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2007年9月4日火曜日

Drifiting with the wind in North Honshu

Eight sided pagoda with double helix spiral stairs Aizuwakmatsu

静けさや
岩に滲み入る
蝉の声

Shizukesaya
Iwa ni shimiiru
Semi no koe

Translations:

This pervasive silence
Enhanced yet by cicadas simmering
Into the Temple Rocks dissipating

Ah, tranquility!
Penetrating the very rock,
a cicada's voice

How still it is here—
Stinging into the stones,
The locust's trill

Matsuo Bashô (松尾芭蕉) composed this Haiku at Risshakuji, commonly known as Yamadera. Included in "Okuno Hosomichi."

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We have been weaving our way up and across Honshu avoiding the big cities and taking the small winding roads that go through forests, by lakes and ravines and visiting the small hill top shrines we find by the way side. We have set no agenda and have to take into account the fact that speeds of these roads even in the country except on the hideous expressways are either 40 km/hr or 50 km/hr and our little "Town Box" really only does 80 kph at a stretch, so we have repeatedly changed our plans as each day passes.


We always find a secluded spot generally chirping with insects or the lapping of waves. The recipe is to aim for the fringes, either a lake edge or the forest or a region on the edge of a farming region where we turn off a road to find a cul-de-sac with the turn off that leads to a kind of no man's land. This gives a private place to sleep do our washing and cook the evening meal. We have learned that Japan is full of 7-11's which provide excellent toilet facilities - complete with warmed seats and warm water spray nozzles which leave the Japanese residents backsides as clean as a whistle.

Each place we come to we try to extract the local culture as much as can be done without paying hugely, although when the venue is really good we pay the full price and witness the treasures on offer.

At Aizuwakamatsu we visited the reconstructed castle with only a remaining tea ceremony house that was destroyed when the city unsuccessfully backed the Tokugawas during the Meiji restoration when the 20 young samurai disemboweled themselves when they saw the rice fields burning around the town below the mountain on which they stood. Afterwards we went up the mountain with its eight-sided pagoda with twin spiral stairways up and down like a DNA double helix. Mussolini put up a statue of his eagle on the hill and he and the White Tigers share a memorial in an ironic bow to doomed ventures

In the evening we went on to Siobawa near Kitakata, where we stayed the night in a by-way park with a panoramic view in the morning of the local mountain, a volcano which had split in two last century. Kitakata had a number of old storage houses.

In the morning we went on to Yonezawa, where we saw the Uesgi clan shrine and had lunch at the clan mausolems.

Kameokamonju

We then drove on to Takahata where there was a neat temple temple on the hillside - Kameokamonju, one of the first of the many rustic hilltop Buddhist temples and Shinto shrines or jinja's we have visitied and in the town itself, a three story pagoda and thatched burial chambers. Then we took the back road to Kaminoyama and went up Zao San (mountain) and stayed the might at Zao Onsen where there are hot Japanese baths and, in the winter, ski fields.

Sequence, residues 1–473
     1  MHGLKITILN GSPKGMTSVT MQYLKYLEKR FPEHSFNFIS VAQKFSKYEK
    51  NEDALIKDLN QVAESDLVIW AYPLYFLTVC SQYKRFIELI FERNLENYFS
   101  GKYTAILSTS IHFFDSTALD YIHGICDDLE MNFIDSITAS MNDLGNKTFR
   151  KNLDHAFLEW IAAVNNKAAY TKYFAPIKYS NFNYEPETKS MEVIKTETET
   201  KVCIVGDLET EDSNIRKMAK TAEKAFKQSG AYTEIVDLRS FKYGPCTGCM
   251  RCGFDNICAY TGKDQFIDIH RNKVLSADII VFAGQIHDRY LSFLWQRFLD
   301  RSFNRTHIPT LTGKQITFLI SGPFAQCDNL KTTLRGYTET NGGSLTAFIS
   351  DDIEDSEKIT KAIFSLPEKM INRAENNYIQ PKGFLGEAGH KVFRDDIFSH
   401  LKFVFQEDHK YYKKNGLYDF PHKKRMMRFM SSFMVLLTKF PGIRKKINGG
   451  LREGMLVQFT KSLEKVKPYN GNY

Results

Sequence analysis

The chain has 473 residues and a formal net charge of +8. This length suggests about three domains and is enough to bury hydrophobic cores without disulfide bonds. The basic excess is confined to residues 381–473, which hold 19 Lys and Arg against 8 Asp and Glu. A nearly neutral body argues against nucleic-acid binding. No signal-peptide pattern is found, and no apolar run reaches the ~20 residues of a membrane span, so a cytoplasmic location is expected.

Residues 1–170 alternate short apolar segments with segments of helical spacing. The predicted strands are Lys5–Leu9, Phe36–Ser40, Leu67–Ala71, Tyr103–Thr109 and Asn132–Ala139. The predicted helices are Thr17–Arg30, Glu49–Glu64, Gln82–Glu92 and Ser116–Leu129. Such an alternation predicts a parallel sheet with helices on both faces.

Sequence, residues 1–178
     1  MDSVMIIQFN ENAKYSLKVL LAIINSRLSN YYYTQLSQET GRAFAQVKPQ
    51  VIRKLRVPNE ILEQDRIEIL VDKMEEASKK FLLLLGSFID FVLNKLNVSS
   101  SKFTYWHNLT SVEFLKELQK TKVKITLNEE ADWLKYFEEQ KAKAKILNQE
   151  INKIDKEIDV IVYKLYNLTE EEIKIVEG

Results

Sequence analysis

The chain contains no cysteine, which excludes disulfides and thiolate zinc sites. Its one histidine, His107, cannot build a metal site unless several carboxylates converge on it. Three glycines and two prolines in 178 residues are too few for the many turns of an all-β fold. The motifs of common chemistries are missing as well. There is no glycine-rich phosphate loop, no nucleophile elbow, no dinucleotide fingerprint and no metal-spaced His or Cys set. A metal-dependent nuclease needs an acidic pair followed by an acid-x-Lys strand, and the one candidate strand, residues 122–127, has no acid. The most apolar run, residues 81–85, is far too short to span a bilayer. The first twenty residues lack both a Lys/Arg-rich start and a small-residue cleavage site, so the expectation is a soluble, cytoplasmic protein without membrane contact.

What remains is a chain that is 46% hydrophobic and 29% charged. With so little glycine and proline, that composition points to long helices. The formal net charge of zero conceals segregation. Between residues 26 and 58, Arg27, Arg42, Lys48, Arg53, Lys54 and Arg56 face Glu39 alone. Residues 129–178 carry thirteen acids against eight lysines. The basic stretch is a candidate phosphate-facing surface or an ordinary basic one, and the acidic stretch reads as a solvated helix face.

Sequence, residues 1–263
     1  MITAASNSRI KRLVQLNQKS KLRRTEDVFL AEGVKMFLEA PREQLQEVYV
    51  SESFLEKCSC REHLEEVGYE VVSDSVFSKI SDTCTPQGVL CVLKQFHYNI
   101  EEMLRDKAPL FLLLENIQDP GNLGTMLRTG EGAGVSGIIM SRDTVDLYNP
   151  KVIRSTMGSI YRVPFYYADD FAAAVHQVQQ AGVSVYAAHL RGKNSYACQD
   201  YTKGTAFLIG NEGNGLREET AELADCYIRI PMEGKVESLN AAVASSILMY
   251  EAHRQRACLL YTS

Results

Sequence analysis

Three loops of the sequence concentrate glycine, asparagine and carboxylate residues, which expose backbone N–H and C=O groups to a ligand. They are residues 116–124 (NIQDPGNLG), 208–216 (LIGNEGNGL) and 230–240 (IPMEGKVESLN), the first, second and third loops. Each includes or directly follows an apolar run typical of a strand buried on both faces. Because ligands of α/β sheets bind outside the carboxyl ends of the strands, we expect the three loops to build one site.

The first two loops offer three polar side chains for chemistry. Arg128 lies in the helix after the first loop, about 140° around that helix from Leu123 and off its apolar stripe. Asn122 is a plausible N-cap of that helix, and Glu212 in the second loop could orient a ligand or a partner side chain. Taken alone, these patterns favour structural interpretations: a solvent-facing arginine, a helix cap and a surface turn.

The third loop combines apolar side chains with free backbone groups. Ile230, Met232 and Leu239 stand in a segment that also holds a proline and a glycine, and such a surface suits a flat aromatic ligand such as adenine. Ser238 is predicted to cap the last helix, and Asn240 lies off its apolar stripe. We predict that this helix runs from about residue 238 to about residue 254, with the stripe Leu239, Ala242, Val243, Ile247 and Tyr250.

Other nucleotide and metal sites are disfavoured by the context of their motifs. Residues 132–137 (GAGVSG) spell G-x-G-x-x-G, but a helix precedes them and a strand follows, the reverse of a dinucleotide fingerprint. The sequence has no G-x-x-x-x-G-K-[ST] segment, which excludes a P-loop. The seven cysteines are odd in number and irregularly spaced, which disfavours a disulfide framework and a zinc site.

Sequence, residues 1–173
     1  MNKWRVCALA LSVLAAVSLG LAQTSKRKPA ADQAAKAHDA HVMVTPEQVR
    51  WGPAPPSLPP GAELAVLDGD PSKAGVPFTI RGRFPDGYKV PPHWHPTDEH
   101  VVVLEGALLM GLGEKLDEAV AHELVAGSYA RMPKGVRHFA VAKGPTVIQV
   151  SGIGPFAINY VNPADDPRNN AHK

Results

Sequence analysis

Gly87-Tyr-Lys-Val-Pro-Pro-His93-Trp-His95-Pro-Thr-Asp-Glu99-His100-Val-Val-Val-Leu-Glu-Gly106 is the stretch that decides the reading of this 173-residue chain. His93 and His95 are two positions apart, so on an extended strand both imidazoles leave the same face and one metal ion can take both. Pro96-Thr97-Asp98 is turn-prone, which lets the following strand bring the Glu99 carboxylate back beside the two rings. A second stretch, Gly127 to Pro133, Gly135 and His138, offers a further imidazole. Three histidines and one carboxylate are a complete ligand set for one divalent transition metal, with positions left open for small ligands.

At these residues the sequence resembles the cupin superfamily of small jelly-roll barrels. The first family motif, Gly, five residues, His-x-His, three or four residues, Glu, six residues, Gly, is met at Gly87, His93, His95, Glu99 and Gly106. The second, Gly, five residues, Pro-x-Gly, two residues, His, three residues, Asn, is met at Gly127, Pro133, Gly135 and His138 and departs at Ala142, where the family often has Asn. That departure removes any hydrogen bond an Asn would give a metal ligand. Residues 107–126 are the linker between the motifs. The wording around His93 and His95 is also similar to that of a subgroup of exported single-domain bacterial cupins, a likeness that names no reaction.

Reggae concert

In the morning we went to a reggae concert ( tepees and dancing in the mud) after meeting two girls from NZ and Australia.

We then went on to Yamadera, a famous shrine site east of Yamagata, where we climbed to the top shrine through the forest. People were as usual wafting incense on themselves, clapping twice by the altar and rubbing the buddhas for good luck. There were a variety of shrines and temples as we wound up the forested stairways and caves and grottoes, with cliff carvings.

All the while on the way there was a massive meet of big motor bike riders with lots of very fancy tricycles and side cars with trailers. All very sedate by comparison with the fleets of little Kawasakis we would later see in Kyoto and other places, who rode through town madly farting their exhausts in unison to play a miliatary tune, like the trumpet voluntary.

Yamadera

We then tried to drive north and then east to the coast, but got completely lost at Obanizawa trying to cross east and ended up staying the night at Kirikoma in a by way near some isolated farms.

This morning, we drove through Ichioneseki to Hiraizumi where we went to the Chuzonji temple on the hill with a treasury containing fabulous 13th century gold sutras and buddhas and a gold pagoda full of golden buddhas, which had been buried when the clan chief of the Fujiwara was killed along with his family.


Chuzon-ji treasure shrine

Afterwards we went briefly to Geibeki gorge, which was a rip off where you have to pay a small fortune to enter it in a row boat while the boatmen sing traditional Japanese songs which echo from the cliffs, and then over the mountains down a somewhat fantastic engineering piece consisting of a spiral of viaducts and tunnels leading out to the East Coast at Rikuzen-takata.

Sleeping pozzy on the shore at Rikuzen-takata

Today we wound up the precipitous rocky forested east coast visiting the isolated fishing ports and small towns in brilliant sunshine before becoming discouraged from going further north by the main highway which stayed away from the coast and bored most of the way in deep tunnels.

We are currently at Tono, a small town which is the subject of a series of literary fables, working our way back towards the west via Samurai houses and more forests and temples.

1 件のコメント:

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